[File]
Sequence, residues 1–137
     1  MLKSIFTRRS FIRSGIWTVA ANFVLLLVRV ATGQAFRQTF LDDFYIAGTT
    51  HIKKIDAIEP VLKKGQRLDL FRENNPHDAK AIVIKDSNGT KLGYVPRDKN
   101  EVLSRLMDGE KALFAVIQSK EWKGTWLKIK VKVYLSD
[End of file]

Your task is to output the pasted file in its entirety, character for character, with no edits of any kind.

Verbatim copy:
Sequence, residues 1–137
     1  MLKSIFTRRS FIRSGIWTVA ANFVLLLVRV ATGQAFRQTF LDDFYIAGTT
    51  HIKKIDAIEP VLKKGQRLDL FRENNPHDAK AIVIKDSNGT KLGYVPRDKN
   101  EVLSRLMDGE KALFAVIQSK EWKGTWLKIK VKVYLSD